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Forming and soldering long cone


#1

Hello,

Anyone know of any youtube videos or other source(s) for information
re: forming and soldering long cones.

All appreciated,
Linda Kaye-Moses


#2
Anyone know of any youtube videos or other source(s) for
re: forming and soldering long cones. 

It’s in the Jinx McGrath book.
Oh wait, cones? Not tubing or cheniers? Not spicula?

Elaine
CreativeTextureTools.com


#3

I investigated making a long cone, but my project needs the final
cone to be cut into smaller sections, so for me it’s more cost
effective to may small cut off cones.

However I would be interested in a solution as well :slight_smile:

Regards Charles A.


#4

Its down to technique, how you do it. and it depends on the end
product and its use.

Start with some paper, cissors and sellotape, make up the cone to
derive the flat sheet plan.

then try a experimental run with some thin copper sheet. solder up
the seam. and true up on your steel ring stick.

Once youve got the hang of making them in base metal, only then
repeat in the final alloy.

Some dimensions and metal type and thickness would help.


#5

Dear Linda

Try searching the Ganoksin Archive for Spiculum or anticlastic
raising.


#6

One thing that will help you enormously is a proper sized and
tapered mandrel. If a commercially available mandrel will not serve
for the cones you need, think about making one yourself. You can turn
a cone in wax and have it cast in bronze. Clean it up and polish it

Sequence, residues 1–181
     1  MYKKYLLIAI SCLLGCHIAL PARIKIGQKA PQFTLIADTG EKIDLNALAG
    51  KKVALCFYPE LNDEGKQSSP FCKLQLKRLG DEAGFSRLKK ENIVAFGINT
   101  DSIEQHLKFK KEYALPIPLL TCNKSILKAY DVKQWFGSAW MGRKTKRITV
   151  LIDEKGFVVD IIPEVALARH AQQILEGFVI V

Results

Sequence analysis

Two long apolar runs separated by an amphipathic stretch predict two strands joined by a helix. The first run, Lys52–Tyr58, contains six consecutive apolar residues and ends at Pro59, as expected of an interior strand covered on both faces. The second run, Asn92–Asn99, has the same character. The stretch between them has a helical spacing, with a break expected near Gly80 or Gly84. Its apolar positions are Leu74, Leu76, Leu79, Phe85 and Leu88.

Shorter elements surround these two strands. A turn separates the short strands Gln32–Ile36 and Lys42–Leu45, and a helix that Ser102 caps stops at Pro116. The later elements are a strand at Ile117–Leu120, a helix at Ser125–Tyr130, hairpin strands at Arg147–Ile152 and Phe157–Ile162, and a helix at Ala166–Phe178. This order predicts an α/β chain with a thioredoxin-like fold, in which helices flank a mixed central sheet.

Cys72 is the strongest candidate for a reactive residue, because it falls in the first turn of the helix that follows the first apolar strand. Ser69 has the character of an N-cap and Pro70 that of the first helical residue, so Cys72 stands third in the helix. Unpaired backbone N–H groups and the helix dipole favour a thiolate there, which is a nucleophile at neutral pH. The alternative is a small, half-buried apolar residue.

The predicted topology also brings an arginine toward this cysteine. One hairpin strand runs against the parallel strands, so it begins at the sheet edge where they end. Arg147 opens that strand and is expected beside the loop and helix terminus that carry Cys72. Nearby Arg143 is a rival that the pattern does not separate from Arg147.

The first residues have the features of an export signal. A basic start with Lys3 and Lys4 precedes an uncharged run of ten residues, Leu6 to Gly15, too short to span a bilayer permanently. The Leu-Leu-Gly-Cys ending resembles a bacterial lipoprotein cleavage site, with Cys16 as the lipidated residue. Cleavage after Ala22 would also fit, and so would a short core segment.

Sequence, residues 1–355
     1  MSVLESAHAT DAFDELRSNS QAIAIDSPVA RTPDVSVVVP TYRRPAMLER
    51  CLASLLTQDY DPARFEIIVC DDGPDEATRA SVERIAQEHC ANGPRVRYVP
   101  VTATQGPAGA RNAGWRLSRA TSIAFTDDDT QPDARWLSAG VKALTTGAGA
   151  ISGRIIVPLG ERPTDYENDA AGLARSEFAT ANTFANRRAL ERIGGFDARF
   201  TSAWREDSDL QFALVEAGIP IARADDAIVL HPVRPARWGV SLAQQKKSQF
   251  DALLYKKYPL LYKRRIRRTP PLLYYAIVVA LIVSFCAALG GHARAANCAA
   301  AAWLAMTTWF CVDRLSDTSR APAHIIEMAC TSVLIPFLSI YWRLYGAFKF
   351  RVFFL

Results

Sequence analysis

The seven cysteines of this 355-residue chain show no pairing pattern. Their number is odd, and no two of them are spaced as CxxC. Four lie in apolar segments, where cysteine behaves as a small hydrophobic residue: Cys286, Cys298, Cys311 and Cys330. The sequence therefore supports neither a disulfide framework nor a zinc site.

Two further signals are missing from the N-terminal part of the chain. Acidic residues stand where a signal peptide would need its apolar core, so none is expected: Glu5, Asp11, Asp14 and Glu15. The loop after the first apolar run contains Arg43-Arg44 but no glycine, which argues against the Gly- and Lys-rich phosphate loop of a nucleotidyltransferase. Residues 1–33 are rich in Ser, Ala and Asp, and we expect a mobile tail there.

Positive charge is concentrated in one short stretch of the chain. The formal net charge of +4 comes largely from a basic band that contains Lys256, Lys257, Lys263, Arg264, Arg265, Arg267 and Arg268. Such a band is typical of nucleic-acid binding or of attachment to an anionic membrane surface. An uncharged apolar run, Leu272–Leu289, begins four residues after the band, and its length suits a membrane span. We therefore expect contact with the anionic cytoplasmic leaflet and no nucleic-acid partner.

and you’ve got a purpose made mandrel for your cones.

Or if you have access to a machine shop just turn one in steel.

Elliot Nesterman


#7
Start with some paper, cissors and sellotape, make up the cone to
derive the flat sheet plan. then try a experimental run with some
thin copper sheet. solder up the seam. and true up on your steel
ring stick. 

I did not want to post about it because it is quite simple, but
since nobody offered anything of any practical value, I am going to
give a solution.

Cone construction starts with calculating template. If template is
correct, the rest is trivial. The template is nothing more than
sector cut from a disk.

To determine disk radius - sqrt(radius of the base of cone^2 + cone
height^2) Once disk is computed, next step is determination of
central angle of required sector, which is angle of the cone * 3.14.
That is all. Of course, allowance must be made for metal thickness.
Any of the recently graduated from jewellery courses and not aware of
this, must contact their schools and request a refund.

Leonid Surpin
Studioarete.com


#8

You can even turn a mandrel in a hard wood, if it doesn’t have to
stand up to years of hard use.

If your cone is not to be truncated you’ll have to relieve the
thickness of the metal at the point via a long bevel or chamfer,